Not only did Ward’s testimony show that the GTTF falsified statements of probable cause, but Hersl is notorious for misleadingly using rap videos of Kevron Evans, who performs under the name Young Moose, as probable cause warrant to raid his home—the Evans family claimed that Hersl robbed them long before the GTTF indictments came down. They sent videos of a smashed safe to reporters, claiming Hersl was responsible.

The GTTF was a “perfect storm of officers who took advantage of their positions to enrich themselves,” Assistant U.S. Attorney Leo Wise said in his opening statements. “The Gun Trace Task Force wasn’t a unit that went rogue … It was a unit of officers who had already gone rogue.”

Sometime after November 2016—the dates aren’t entirely clear from testimony—Jenkins wanted to meet with Taylor, Ward, and Hersl about “hitting Mr. Stevenson’s house again.”

Ward said he rode over with Taylor, who told him about Jenkins’ plan. At first Ward said, he thought “hitting” meant a raid. But when they met Jenkins and Hersl, who was at the time no longer in the GTTF, in a parking lot by a wooded area where the two men were drinking Twisted Tea, he discovered that Jenkins wanted to “put [GPS] trackers on the cars, kick in the door, and take the drugs and money.”

But Ward didn’t want to do it: “We just took $60,000 from him—why take a chance?”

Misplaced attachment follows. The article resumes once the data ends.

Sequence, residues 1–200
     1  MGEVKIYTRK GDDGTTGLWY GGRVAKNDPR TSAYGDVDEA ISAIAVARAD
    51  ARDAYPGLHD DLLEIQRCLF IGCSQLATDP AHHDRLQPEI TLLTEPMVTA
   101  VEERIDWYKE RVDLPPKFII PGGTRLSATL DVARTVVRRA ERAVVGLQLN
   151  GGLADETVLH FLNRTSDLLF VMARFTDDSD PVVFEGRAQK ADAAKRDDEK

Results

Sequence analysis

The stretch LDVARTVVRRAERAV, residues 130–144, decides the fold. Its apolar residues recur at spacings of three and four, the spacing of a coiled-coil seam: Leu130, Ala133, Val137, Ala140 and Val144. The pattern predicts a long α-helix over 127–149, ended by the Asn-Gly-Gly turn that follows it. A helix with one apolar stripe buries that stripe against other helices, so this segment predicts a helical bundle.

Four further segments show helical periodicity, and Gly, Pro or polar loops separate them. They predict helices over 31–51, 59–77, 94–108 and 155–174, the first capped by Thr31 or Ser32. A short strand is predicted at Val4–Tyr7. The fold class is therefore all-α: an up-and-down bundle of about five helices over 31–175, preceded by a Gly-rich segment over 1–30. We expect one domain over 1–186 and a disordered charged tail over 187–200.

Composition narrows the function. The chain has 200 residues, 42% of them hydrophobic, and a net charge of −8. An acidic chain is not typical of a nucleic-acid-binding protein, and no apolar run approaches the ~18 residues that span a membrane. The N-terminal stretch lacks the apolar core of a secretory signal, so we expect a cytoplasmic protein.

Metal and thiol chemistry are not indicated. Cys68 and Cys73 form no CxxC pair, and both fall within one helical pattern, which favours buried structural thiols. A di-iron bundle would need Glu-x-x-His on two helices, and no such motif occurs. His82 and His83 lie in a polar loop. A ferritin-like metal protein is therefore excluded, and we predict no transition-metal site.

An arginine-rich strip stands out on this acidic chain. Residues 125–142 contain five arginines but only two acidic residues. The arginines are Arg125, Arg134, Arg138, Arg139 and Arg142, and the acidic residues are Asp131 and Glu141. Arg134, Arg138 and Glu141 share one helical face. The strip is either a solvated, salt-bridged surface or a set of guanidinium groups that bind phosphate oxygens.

In the end, the squad ended up not hitting Stevenson again, but they did go on to use illegal trackers against numerous other victims.

Ward was only the first of Taylor and Hersl’s co-defendants to testify against them. Gondo and Rayam previously testified in a related drug case, during which they revealed numerous other robberies committed by the GTTF and their conspirators.

In the prosecution’s opening remarks, Wise said that “this is not a case about overzealous policing or police tactics.” It was, he said, about greed. But he also acknowledged the way their legitimate police work was inextricably intertwined with their criminal enterprise. They were “motivated to seize guns and make gun arrests so they could claim overtime.” And that motivation put them ever more often in situations where “agents were able to abuse their positions in order to commit crimes.”

“They are, simply put, both cops and robbers at the same time,” Wise said.

*An earlier version of this story indicated that they saw Stevenson walking with the backpack.

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Baynard Woods is a criminal justice reporter and the Editorial Director of the Baltimore Bureau at the Real News. He creates Democracy in Crisis, a column and podcast syndicated in a number of alternative weekly papers, and is the author of "Coffin Point: The Strange Cases of Ed McTeer, Witchdoctor Sheriff."